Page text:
Now you know how to manage client expectations, let's look at the two main terms of payment most freelancers use.

Due Upon Receipt

Invoices that are due upon receipt are exactly as they sound. You're expecting to be paid as soon as possible after your client receives the invoice.

In my experience, Due Upon Receipt invoices work well for small projects, and clients usually pay within 24 hours.

If you send out invoices that are due upon receipt, then you should make sure you offer an easy way clients can pay immediately. PayPal or Stripe both work well, and allow clients to pay by credit card.

Immediate payment means you're not left waiting to be paid for work you did weeks or months ago.

The main disadvantage to using Due Upon Receipt invoices is that they can come as a surprise to your client. As such, they give your client no time to make sure they've got the money in their account to pay you.

Another disadvantage is that clients may read "Due Upon Receipt" as "Due whenever I can pay". By not specifying a payment deadline, you give your client wiggle room to delay payment.

Payment Deadline (Net D)

Don't be intimidated by the terms — "Net" is just invoice-speak for "days".

Net D invoices let clients know when they're expected to pay an invoice. "Net D" refers to the number of days a client has once a project is completed to submit payment. The letter "D" is replaced by a number of days.

For example, an invoice that states "$1,000 net 15" means that you expect payment of $1,000 within 15 days of you completing the project.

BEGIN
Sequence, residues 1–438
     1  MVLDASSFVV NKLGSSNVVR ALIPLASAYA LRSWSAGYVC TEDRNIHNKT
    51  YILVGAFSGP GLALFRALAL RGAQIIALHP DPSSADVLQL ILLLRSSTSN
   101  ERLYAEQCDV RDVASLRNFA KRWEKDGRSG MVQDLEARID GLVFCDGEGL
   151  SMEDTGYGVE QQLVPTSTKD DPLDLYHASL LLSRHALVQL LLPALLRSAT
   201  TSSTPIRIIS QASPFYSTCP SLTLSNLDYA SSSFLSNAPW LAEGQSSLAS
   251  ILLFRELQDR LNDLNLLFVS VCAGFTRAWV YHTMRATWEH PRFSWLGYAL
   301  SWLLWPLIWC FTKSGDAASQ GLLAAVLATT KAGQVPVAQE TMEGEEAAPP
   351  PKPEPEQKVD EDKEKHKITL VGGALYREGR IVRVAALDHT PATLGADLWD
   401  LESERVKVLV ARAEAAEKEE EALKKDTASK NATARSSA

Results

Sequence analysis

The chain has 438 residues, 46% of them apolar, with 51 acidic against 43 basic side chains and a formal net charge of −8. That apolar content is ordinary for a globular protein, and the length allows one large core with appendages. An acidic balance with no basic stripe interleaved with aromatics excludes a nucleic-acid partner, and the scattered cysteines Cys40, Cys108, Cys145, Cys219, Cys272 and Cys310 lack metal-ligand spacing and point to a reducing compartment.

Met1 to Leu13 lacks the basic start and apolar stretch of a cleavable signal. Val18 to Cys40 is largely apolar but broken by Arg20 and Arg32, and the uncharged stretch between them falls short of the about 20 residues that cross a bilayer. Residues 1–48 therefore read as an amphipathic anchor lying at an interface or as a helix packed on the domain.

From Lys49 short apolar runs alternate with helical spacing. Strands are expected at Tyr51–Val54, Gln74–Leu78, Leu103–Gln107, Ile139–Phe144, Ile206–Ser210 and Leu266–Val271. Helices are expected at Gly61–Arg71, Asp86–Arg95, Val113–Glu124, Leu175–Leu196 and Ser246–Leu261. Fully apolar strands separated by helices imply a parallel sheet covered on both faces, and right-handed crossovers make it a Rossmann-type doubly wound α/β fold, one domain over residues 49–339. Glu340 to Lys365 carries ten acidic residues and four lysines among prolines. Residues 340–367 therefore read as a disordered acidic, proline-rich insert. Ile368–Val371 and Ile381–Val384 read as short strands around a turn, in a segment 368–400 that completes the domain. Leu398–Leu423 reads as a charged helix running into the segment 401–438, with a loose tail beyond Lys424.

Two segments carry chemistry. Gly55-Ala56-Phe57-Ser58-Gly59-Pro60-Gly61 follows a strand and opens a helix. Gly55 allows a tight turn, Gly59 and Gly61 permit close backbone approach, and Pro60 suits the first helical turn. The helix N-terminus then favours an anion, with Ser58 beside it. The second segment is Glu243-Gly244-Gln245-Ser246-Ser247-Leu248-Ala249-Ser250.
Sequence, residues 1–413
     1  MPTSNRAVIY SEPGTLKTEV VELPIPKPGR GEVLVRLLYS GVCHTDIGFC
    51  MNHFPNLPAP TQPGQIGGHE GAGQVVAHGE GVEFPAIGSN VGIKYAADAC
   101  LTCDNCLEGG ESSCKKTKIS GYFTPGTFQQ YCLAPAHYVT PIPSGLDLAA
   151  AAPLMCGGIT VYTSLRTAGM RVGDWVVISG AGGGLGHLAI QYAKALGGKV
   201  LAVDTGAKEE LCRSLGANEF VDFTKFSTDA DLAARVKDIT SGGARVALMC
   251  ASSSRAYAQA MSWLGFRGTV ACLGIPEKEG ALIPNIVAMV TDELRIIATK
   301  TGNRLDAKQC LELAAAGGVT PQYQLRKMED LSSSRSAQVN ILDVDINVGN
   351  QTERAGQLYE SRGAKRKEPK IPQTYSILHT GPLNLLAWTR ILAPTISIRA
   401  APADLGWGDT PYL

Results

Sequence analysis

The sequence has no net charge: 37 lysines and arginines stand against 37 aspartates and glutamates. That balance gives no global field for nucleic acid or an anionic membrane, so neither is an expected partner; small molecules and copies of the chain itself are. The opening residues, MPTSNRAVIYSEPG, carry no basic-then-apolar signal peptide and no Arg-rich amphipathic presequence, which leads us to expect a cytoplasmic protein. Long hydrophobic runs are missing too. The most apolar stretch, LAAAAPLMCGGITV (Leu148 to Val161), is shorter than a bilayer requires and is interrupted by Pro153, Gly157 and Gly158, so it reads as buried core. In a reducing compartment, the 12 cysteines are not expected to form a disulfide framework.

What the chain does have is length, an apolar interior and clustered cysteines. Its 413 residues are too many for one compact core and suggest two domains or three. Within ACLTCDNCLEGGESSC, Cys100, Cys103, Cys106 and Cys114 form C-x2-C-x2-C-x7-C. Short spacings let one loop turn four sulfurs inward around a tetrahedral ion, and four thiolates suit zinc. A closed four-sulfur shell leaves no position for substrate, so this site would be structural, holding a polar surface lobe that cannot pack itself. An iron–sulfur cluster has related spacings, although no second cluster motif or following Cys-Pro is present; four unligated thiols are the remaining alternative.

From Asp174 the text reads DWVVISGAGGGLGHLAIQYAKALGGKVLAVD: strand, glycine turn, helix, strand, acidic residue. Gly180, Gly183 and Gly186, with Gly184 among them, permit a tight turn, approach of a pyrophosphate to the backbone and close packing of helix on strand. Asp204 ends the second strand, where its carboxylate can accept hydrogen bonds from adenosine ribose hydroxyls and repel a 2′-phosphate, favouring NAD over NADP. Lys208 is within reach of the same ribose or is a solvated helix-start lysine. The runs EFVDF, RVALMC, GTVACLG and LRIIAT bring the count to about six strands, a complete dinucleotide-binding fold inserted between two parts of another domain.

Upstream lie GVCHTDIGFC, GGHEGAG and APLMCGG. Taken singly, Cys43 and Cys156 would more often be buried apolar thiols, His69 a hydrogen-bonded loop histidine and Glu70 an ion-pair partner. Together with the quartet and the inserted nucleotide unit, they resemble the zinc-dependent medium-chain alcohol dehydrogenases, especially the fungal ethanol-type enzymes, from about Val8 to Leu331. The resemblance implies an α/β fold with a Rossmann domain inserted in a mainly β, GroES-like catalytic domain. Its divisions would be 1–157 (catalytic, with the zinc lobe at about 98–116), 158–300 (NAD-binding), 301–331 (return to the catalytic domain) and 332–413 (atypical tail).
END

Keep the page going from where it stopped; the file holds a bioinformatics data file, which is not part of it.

Typically, Net D invoices are due within 10, 15 or 30 days.

The main advantage of Net D invoices is that they give your client time to get enough money in their account to pay you. They're left with little excuse for late payments. That said, if you send out your invoice too early, it may slip your client's mind, so you'll need to send a reminder close to the due date.

Not all clients will know what "Net D" means on an invoice. It's worth including a note in the invoice that Payment is due within D days of project completion.

Discounts and Late Fees

Invoices not due immediately should offer discounts as incentives for early payment.

Pro tip

Using Cashboard data, we've proven that offering a pre-payment discount results in faster invoice payment than ones without…

— Seth

Similarly, assigning a late fee to invoices for overdue payments can motivate your customers to pay you on time, and is another best practice we recommend.

Your Turn

I'd love to hear about your experiences of submitting invoices.

How long do you expect to wait for payment after sending an invoice? What do you do about late paying clients?

Written by David Masters

David Masters helps businesses find their sweet spot of creativity, productivity and making money. He's been earning his bread as an online business writer since 2008.